Searching for a solution to the Catalan crisis

By Max Bluer

Catalan President Carles Puigdemont has this evening announced that his government will declare independence “in a matter of days”. Puigdemont made the announcement as part of an interview given to the BBC on Tuesday evening, just minutes before King Felipe VI went on national TV to denounce the Catalan regional leadership as “disloyal”, accused them of fracturing Catalan society and threatening the Catalan economy, and denounced the referendum as illegal.

The crisis of Catalan secession from Spain deepened further as both sides hardened their positions in the face of a threatened unilateral declaration of independence by the Catalan government. A general strike was observed across Catalonia with motorways blocked by protestors and most shops refusing to open their doors.

Meanwhile Catalan President Carles Puigdemont requested mediation from the European Union in negotiations with Madrid – a request likely to receive short shrift in Brussels where the EU has sided with the Spanish central government. However, the request for mediation does seem to conflict with his stated intention to declare independence. If independence is Puigdemont’s only aim, there is surely nothing to negotiate. Hope therefore remains in some quarters, that the Catalan government can be persuaded back to the negotiating table, possibly with the offer of greater fiscal autonomy, similar to that enjoyed by the Basque Country.

In Madrid, the leader of Ciudadanos, the minor party in the governing conservative coalition, publicly urged Prime Minister Mariano Rajoy to invoke article 155 of the Spanish constitution – the suspension of home rule in Catalonia. This would undoubtedly lead to further political tension and probably a repeat of the violence seen on Sunday around the contested referendum.

Police used brutal force across the Spanish region of Catalonia on Sunday as they attempted to prevent Catalans from voting in an independence referendum that has been declared illegal by the central government in Madrid. Police in riot gear charged groups of would-be voters, dragging them away by the hair as they prepared to cast their ballots and deepened the worst political crisis Spain has experienced since the return to democracy in 1978. Despite this 75 per cent of polling stations remained open and 2.2m votes were cast, over 90 per cent of which supported secession from Spain, according to figures released by the regional government.

Shocking footage had emerged the day before from a protest in the iconic Plaza Cibeles of Madrid in support of Spanish unity. In the video several people can be seen singing the fascist anthem ‘Cara al Sol’ and raising the right arms in fascist salute, a chilling reminder that Spain was a fascist state just a generation ago.

The reasons behind many Catalan’s desire for self-determination are many and varied. Economically, Catalonia claims to pay far more in taxes to the Spanish central coffers than it receives in return, that it is effectively subsidisng other, poorer, regions of Spain. Catalonia also has a distinct language and culture to the rest of Spain, and many still resent the brutal repression the region suffered under the fascist dictatorship of General Franco.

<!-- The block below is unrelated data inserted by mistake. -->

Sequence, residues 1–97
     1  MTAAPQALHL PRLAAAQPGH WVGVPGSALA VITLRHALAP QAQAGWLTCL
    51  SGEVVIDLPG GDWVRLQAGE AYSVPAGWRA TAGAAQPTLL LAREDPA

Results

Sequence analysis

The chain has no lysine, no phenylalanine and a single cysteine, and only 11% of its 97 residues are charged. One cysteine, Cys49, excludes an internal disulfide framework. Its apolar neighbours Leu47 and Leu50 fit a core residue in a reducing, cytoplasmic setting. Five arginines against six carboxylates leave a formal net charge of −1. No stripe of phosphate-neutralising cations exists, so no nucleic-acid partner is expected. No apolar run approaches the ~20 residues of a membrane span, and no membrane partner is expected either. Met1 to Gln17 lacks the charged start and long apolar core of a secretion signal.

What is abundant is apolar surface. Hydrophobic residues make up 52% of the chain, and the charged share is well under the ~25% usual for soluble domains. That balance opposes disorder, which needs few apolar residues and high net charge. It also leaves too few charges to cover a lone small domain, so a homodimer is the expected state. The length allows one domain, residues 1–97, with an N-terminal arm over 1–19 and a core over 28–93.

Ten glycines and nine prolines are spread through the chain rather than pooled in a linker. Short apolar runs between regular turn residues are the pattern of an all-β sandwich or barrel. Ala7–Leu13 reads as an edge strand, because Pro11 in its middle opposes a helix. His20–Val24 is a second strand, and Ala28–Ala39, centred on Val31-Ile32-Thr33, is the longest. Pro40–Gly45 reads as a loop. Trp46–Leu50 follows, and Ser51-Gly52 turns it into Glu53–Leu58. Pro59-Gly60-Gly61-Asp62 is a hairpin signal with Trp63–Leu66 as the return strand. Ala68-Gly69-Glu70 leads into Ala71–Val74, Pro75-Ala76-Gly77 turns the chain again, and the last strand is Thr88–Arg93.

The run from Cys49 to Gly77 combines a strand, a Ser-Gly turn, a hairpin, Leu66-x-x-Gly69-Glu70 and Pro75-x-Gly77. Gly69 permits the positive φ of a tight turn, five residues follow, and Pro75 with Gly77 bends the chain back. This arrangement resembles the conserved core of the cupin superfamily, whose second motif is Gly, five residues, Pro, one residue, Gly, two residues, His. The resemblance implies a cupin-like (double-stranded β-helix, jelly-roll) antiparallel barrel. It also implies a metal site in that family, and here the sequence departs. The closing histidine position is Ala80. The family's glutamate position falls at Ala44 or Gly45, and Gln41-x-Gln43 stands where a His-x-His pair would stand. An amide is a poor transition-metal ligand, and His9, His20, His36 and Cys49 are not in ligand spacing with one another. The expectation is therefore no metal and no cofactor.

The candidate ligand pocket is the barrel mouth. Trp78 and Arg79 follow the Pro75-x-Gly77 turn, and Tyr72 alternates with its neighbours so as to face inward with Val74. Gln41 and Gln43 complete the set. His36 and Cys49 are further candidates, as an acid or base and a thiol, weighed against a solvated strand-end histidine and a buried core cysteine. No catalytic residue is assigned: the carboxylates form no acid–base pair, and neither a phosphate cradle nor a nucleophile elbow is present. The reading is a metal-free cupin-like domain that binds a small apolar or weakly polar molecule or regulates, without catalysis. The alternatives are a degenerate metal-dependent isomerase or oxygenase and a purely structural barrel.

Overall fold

The central government in Madrid has argued, however, that the Spanish constitution does not allow for the possibility of regions voting to secede and that therefore any referendum would be illegal and unconstitutional. It has obtained numerous court orders in its favour on this point and even gone so far as to raid the offices of printing presses suspected of producing ballot papers for the referendum and attempting to take control of the Mossos d’Esquadra (the Catalan regional police force).

There have even been arrests too; Josep Maria Jové right-hand man to the Vice President of Catalonia was arrested last week over his involvement in organizing the referendum. He is in effect a political prisoner.

Extraordinary scenes occurred last week in cities across Spain as Guardia Civil units being dispatched to Catalonia were cheered on their way by crowds brandishing the Spanish flag and aggressive chants of “a por ellos” or “go get ‘em”.

Yet despite a broadcast message of national unity from King Felipe VI broadcast today, Spain remains in a state of profound political crisis. With President Puigdemont having confirmed that he intends to unilaterally declare independence in the coming days, and Prime Minister Mariano Rajoy seriously considering the suspension of home rule for Catalonia, a negotiated solution to the crisis seems further away than ever.

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1 Response

  1. Danig

    This article seems to be written by some pro-independence author. The referendum was illegal because it was set unilaterally, and it doesn’t give voice to all those that, according to Spanish Constitution, have sovereignty over Catalonia or any other region of Spain. The 90% voting yes to independence is the result of the non-independentists not participating in the vote -total participation was estimated by the organizers at 43%. As a matter of fact, the Catalan government is acting out-of-the-law in all these matters, and no country in Europe is going to accept the unilateral independence that they want to impose.

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